There is an interesting article by Jim Vanderhei and Mike Allen on the website, The Politico. It is titled "The Story Behind the Story: The Clinton Myth." It isn't deep and it certainly isn't left. But it is smart the way some sports bookies, horse handicappers, and even stock brokers are smart. It's simple solid factual point is that Senator Barack Obama has built in reality a solid lead against Senator Hillary Clinton, that it would be very difficult for Clinton to win (maybe one out of ten, the quote one insider as saying) But the media, according to the authors, "have become partners with the Clinton campaign in pretending that the contest is really closer than it is."
Their arguments about why this is so are all insider conventional wisdom. The pundits were all predicting Clinton early and don't want to be embarrassed. The media "loves a close race---its more fun and its good for business. The authors call that reason subliminal, but there is nothing subliminal in it in that mass media is both about business and selling conventional wisdoms all of the time. They also mention the media's love of the Clintons' ability to overcome adversity, engage in Perils of Pauline escapes. Finally they look at the Clinton campaign's ability to set the media "narrative" in their press releases, which they attribute to their "talented" campaign staff.
Let me make as a good Marxist what I think are a few constructive criticisms of Vanderhei and Allen's useful article, criticisms. First, they are very right in their "doing the math" to show that Hillary Clinton would need to have new elections and large victories in Florida and Michigan to make this a really close race and that isn't going to happen Also Senator Obama has a lead of some 150 delegates and his lead is growing and likely to continue to grow.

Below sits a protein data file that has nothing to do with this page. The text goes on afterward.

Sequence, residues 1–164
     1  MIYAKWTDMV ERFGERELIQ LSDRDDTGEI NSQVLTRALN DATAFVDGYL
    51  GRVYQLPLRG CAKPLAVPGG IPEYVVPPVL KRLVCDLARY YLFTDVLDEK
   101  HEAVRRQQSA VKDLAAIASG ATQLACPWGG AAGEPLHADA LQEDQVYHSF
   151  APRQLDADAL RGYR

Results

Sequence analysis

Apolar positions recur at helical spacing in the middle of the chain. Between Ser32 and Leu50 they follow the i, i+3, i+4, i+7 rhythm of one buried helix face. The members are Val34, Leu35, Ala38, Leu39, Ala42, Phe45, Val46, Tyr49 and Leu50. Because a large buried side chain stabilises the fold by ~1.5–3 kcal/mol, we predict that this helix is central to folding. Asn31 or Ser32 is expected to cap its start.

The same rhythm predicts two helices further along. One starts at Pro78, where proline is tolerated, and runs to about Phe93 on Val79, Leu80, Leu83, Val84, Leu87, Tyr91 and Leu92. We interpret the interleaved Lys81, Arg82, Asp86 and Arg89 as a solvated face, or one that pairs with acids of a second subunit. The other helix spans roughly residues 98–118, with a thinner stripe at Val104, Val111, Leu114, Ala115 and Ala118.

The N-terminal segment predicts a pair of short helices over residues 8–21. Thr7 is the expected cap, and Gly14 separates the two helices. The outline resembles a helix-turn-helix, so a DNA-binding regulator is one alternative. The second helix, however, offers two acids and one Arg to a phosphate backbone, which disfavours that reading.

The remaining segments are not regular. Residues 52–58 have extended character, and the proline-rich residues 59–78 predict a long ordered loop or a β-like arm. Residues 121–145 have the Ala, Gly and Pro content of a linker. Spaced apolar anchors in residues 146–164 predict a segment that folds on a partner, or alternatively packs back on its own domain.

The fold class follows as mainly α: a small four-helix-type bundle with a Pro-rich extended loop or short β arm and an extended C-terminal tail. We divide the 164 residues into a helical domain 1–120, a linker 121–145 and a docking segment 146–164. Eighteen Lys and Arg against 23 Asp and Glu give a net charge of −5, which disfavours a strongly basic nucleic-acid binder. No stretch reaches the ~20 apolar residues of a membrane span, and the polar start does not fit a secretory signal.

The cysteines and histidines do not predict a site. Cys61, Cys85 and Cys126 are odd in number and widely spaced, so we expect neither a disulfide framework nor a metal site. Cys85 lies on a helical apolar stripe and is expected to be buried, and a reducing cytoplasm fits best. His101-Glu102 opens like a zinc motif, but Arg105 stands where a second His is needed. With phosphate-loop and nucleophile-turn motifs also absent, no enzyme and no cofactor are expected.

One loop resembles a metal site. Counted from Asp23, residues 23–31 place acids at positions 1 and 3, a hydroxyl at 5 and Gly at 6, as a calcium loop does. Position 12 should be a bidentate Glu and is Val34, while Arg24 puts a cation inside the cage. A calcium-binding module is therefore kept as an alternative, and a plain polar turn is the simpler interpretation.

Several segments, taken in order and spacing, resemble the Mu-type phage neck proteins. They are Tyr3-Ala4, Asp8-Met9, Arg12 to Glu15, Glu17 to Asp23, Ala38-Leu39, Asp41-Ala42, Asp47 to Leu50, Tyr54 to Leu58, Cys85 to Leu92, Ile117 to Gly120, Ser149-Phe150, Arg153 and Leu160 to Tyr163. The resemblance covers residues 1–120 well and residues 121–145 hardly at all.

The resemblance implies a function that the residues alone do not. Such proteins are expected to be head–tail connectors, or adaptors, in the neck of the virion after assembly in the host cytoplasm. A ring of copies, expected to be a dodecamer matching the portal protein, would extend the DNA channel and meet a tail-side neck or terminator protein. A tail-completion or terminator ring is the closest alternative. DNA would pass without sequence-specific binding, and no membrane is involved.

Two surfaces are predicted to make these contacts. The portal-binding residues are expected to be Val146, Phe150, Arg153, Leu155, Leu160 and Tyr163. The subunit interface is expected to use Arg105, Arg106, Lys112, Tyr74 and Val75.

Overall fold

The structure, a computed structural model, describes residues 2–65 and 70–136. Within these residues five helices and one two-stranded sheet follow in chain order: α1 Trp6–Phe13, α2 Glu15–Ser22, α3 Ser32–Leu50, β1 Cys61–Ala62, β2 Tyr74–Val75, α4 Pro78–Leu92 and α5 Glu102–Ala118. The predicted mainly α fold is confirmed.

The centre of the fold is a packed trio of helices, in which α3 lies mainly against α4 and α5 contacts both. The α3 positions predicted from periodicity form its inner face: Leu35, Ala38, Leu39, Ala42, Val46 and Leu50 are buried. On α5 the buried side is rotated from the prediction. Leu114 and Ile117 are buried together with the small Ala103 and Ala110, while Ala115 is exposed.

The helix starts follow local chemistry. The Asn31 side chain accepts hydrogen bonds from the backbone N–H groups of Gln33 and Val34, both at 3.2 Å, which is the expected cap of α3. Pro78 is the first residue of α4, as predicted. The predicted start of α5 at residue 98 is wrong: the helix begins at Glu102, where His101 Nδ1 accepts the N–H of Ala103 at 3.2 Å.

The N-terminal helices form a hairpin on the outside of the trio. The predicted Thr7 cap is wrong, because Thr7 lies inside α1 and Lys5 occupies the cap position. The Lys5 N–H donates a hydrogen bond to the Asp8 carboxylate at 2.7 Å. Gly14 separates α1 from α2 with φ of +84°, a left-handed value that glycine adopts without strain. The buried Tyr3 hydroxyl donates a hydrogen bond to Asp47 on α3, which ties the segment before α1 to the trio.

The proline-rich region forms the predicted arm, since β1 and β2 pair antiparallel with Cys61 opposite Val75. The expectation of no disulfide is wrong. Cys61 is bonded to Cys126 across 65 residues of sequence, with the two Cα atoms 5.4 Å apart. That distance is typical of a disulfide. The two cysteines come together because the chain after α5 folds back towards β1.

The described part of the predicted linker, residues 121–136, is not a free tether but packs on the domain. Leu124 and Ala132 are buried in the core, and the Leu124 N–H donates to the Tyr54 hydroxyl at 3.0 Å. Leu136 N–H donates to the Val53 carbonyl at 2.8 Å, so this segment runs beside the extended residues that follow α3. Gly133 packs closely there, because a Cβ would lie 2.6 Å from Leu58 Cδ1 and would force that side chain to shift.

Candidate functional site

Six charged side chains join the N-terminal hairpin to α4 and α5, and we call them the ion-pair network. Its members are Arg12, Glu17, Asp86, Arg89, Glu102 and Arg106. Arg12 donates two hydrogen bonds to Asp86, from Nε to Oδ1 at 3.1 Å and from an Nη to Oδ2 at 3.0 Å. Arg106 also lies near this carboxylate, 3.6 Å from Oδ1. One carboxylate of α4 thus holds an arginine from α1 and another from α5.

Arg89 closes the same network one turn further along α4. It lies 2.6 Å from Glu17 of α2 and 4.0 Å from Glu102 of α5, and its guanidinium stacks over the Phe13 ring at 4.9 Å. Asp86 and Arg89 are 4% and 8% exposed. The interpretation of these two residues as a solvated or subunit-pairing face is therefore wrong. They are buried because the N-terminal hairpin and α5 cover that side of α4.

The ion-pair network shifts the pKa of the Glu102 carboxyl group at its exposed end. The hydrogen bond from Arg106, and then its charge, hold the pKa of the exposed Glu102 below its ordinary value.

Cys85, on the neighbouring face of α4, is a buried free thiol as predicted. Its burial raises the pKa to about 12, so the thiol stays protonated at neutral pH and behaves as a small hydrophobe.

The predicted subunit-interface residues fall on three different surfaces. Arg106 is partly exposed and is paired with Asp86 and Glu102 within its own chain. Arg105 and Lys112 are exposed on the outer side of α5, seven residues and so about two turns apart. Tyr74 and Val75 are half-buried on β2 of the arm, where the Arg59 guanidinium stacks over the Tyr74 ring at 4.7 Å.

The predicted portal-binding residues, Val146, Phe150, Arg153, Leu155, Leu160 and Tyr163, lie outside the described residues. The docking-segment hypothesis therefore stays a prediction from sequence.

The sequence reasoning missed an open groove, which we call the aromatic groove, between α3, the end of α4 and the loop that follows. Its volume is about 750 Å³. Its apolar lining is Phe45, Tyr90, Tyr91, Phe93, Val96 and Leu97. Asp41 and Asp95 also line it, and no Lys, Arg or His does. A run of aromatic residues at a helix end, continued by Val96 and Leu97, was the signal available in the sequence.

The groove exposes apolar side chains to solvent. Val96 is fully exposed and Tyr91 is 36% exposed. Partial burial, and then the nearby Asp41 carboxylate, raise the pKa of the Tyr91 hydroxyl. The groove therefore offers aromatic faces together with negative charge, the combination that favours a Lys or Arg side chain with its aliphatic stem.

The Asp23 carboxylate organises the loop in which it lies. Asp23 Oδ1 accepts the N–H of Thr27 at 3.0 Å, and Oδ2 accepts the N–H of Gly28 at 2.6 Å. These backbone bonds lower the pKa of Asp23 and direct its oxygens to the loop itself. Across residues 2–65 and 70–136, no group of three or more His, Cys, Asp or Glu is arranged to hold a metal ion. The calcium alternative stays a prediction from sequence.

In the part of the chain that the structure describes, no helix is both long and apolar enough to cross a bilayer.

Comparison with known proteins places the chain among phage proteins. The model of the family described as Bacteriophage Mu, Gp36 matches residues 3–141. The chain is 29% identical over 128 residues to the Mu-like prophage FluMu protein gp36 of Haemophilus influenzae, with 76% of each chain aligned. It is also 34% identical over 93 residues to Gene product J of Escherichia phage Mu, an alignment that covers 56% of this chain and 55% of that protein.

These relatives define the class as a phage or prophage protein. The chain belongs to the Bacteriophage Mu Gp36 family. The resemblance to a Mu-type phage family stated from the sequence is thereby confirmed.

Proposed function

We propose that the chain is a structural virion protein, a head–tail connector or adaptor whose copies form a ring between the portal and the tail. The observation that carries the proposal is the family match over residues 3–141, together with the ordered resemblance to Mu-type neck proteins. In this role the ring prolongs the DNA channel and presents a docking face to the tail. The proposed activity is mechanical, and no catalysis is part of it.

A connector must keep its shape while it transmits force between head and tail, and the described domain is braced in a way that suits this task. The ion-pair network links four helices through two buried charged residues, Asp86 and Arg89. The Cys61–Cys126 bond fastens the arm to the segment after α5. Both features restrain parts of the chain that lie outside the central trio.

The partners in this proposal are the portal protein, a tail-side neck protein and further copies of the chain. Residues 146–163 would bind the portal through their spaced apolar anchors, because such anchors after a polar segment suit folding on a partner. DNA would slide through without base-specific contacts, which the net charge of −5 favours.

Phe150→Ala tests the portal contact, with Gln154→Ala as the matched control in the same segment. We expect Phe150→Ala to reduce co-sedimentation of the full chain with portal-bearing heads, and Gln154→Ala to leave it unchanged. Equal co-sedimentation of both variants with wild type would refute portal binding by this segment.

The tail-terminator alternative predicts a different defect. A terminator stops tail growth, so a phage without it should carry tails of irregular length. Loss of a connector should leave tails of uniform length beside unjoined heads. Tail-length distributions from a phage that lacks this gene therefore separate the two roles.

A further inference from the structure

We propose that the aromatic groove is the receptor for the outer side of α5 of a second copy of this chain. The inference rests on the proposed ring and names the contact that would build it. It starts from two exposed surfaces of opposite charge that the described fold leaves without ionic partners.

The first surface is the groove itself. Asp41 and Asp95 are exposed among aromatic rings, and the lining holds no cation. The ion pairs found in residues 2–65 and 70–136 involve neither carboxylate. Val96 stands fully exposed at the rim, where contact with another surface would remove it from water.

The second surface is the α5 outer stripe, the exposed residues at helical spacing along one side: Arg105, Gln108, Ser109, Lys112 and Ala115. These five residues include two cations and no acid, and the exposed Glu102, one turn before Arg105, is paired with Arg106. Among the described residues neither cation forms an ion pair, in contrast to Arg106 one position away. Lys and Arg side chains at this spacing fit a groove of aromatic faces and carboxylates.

Along with the significant Pennsylvania primary and its one hundred and fifty eight delegates (a primary which is garnering great attention because Clinton, with the support of virtually the entire Democratic establishment is in the lead) there is the upcoming battle for North Carolina's delegates, which is garnering very little attention, even though the state has 115 delegates and Obama is expected to do very well (based on my own readings I would estimate that even if Clinton does better than she is expected to do in Pennsylvania, and I don't think she will, the combined delegate distribution between Pennsylvania and North Carolin will be a net gain for Obama) Also, the other states whose delegates have not yet been chosen, Oregon, (52 Kentucky (51), Indiana, (72) West Virginia (28) South Dakota (15) Montana (16) and the Commonwealth of Puerto Rico (55) add up I think to a net gain for Obama.
Clinton's only chance would really be to win a large victory among the 794 "superdelegates," 261 of whom are uncommitted and 71 of whom have yet to be chosen (I didn't know that until I read the article ). Frankly, I was appalled after reading the article to see how badly the print and electronic media have been explaining the delegate count and contests to readers and viewers, which in lieu of analysis is what they are doing most of the time, and doing such a poor job).
But let me suggest to the authors that there are more important reasons to explain why most of the press and televisin have been perpetrating the myth that Clinton and Obama are locked in a close race that could go either way.